On October 1 WINK kicked off Season Four with another successful launch event, this year graciously hosted by KPMG at their Bow Valley Square offices downtown Calgary. More than 70 guests came to enjoy after-work drinks and hors d’oeuvres while listening to an engaging presentation by keynote speakers Lydia Avery and Michelle Delisle from FrogskinU, a Calgary-based social enterprise that teaches kids how money works and how to be savvy consumers.
From their professional experience in the financial services sector, ongoing research review, and extensive work with children, the FrogskinU directors were able to speak beautifully about the powerful link between emotions and money that drives how we approach money and create our financial futures. FrogskinU reaches tweens and teens (along with their parents) who are already barraged with advertising and incredible pressures to spend. FrogskinU offers interactive programming that focusses on the emotional appeal marketers use and turn it around by spotting schemes, scams and fraud, and how to avoid money trouble.
Throughout the presentation, WINK guests had fun playing rounds of ‘Sink or Swim’, trying to guess the answers to questions and win FrogskinU Swampbucks. In three rounds of this game we learned that the term ‘frogskin’ means money and its etymology can be traced back to the 1930s when gangsters used it as a code word to hide their greenbacks. We learned that 49% of women fear becoming a bag lady in retirement, even those with salaries of over $200,000. We learned that 70 million dollars were lost to fraudsters in Canada in 2014, up from $53 million in 2013. And at the end of the presentation, guests got to exchange their hard-earned swamp bucks for swag, chocolate, candy, and other goodies!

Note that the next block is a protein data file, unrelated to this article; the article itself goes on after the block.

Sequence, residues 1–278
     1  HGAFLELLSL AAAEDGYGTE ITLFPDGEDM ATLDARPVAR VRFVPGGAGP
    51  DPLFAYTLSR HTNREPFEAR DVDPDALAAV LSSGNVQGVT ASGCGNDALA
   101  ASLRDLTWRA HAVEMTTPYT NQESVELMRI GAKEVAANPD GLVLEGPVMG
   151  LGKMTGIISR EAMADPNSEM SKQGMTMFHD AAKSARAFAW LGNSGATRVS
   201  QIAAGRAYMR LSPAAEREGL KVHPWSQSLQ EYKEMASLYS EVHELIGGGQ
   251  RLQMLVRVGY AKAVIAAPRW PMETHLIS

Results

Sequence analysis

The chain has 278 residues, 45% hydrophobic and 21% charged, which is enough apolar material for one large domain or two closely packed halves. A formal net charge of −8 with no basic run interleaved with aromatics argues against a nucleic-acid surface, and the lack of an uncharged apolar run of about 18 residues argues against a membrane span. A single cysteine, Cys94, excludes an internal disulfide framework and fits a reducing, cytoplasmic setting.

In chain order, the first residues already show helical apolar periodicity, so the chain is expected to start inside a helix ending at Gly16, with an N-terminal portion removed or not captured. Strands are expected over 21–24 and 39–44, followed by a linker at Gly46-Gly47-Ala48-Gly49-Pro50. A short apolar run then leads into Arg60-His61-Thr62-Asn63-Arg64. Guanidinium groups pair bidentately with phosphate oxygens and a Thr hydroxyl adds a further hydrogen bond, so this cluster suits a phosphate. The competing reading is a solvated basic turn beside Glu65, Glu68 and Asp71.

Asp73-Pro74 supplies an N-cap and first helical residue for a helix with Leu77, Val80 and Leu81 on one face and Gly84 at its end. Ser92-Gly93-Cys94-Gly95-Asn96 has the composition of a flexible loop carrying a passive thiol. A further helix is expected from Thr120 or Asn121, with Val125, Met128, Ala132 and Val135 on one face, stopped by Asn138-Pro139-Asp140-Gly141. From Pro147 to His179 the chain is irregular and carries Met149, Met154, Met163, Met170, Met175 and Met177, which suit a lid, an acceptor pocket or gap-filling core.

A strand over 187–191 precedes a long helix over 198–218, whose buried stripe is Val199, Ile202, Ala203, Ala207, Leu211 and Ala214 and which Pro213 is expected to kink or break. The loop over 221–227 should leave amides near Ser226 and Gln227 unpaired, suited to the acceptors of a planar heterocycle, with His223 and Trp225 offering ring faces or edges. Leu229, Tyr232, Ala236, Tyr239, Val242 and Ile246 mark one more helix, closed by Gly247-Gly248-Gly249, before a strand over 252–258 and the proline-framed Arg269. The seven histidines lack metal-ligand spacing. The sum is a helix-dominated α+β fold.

But the subject matter was not all fun and games. FrogskinU made guests think hard about how intangible money is becoming, and how this affects kids (and their families) who might fail to make a connection to reality when all they see is a plastic buying tool going into a machine and money coming out. Attendees were also encouraged to think about some of the deep, uncomfortable financial fears women share that range from not being smart enough, to being swindled, to being a burden, to harming others by making a decision that might let others down.
While women are increasingly more involved in financial planning, they also tend to feel badly about not understanding or knowing about finances. As FrogskinU indicated, this hardly seems fair as there were no courses in school designed to teach managing money. In a call to action at the end of their presentation, guests to put their truths on the table, take a long hard look at their money-mind connection, and continue to expand their financial knowledge through WINK.
What a fantastic start to what will surely be an exciting and rewarding year! Hello, Season Four.